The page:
Over the next five years, Google will invest $1 billion in Africa to build a subsea cable.

On Wednesday, Google announced a $1 billion investment in Africa over the next five years to ensure that the continent has access to fast and affordable internet, as well as backing companies to accelerate the continent's digital transformation.

The announcement was made during a virtual event in which Alphabet Inc announced the formation of an Africa Investment Fund, through which it will invest $50 million in businesses and provide them with access to its staff, network, and technologies.

Nitin Gajria, managing director of Google in Africa, told Reuters in a virtual interview that the company would seek startups focused on fintech, e-commerce, and local language content, among other things.

"We're looking at places where Google and these businesses may have some strategic overlap and where Google might potentially bring value by working with some of these startups," Gajria added.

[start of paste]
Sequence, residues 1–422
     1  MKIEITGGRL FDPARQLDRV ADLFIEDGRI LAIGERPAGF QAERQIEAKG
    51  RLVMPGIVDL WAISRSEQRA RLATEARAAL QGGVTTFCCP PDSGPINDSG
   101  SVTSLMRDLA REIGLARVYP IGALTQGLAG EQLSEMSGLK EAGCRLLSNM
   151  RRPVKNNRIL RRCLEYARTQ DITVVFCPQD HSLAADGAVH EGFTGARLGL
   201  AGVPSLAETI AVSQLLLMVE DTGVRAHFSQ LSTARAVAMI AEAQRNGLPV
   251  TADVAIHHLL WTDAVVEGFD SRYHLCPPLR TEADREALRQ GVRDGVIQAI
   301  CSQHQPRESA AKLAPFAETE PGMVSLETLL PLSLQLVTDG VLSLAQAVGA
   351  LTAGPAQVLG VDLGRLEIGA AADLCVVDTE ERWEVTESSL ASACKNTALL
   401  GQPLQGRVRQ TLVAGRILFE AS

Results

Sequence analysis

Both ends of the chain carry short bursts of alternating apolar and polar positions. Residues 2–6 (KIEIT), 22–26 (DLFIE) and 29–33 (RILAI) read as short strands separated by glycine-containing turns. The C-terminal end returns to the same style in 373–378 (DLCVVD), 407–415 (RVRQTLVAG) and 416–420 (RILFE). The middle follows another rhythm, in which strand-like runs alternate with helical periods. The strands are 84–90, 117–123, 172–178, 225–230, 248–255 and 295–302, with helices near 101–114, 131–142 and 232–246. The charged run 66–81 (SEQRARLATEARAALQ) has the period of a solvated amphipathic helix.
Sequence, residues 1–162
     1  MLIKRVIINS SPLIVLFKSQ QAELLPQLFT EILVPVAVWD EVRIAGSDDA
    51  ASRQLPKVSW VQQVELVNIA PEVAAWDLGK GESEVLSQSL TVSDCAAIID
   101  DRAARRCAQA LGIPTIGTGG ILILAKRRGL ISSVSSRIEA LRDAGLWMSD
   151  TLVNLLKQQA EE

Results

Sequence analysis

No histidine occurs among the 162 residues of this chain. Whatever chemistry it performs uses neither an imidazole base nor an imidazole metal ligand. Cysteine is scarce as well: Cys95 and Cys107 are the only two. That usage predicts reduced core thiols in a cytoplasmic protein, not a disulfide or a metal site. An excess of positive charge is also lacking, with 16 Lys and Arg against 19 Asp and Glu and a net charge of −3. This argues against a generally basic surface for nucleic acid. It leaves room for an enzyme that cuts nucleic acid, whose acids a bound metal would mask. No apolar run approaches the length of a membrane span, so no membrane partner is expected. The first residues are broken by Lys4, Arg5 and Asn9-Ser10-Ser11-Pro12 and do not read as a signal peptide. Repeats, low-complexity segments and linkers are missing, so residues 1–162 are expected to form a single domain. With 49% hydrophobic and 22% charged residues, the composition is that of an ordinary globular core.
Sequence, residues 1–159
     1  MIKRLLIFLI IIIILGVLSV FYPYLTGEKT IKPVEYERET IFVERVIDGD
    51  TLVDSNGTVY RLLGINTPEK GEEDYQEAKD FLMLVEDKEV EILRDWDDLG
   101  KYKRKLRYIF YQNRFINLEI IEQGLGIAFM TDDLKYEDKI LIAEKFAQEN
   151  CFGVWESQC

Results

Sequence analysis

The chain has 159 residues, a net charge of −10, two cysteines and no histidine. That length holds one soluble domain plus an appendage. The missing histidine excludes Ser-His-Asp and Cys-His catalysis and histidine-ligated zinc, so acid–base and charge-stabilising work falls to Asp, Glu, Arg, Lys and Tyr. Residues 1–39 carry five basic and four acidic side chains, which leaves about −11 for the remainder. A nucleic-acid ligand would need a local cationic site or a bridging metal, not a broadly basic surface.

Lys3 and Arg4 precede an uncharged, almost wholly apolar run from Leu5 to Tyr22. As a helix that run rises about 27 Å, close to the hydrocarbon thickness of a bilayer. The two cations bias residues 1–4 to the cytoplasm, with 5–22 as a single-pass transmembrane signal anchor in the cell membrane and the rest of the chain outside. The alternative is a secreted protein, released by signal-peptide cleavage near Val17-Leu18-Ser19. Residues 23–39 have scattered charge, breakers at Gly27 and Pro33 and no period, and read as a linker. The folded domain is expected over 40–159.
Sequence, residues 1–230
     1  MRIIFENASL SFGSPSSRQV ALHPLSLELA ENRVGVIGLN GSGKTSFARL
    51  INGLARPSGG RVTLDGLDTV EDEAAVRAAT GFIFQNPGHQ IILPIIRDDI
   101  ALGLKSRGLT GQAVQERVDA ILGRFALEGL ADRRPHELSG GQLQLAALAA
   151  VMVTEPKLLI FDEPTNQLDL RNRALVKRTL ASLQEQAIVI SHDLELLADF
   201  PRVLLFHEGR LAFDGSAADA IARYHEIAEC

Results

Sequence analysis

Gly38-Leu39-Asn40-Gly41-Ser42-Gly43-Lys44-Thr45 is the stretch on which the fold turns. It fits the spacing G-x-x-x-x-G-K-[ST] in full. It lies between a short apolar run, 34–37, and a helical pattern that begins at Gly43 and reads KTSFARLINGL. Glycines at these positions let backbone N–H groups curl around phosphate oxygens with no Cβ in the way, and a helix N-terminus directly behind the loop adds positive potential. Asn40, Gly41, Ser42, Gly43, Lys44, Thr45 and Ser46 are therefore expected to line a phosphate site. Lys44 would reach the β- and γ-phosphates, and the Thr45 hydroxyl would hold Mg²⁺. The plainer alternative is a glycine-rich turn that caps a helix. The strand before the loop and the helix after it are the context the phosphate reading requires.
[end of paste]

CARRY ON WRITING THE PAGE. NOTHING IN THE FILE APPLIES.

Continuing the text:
In addition, Google will also contribute $10 million in low-interest loans to small businesses and entrepreneurs in Ghana, Kenya, Nigeria, and South Africa., in conjunction with non-profit group Kiva, to assist them get through the economic hardship caused by COVID-19.

Small enterprises in Africa frequently face difficulties obtaining funding because they lack the necessary collateral required by banks in the event of a default. When financing is accessible, the interest rates are frequently exorbitant.

Google announced that a programme launched last year in Kenya in cooperation with Safaricom that allows customers to pay for 4G-enabled phones in instalments will be expanded across Africa alongside mobile operators MTN, Orange, and Vodacom.

Gajria said, a Google-built undersea cable connecting Africa and Europe should  come into service in the second half of next year, and is expected to increasing internet speeds by five times and lowering data costs by up to 21% in countries such as South Africa and Nigeria.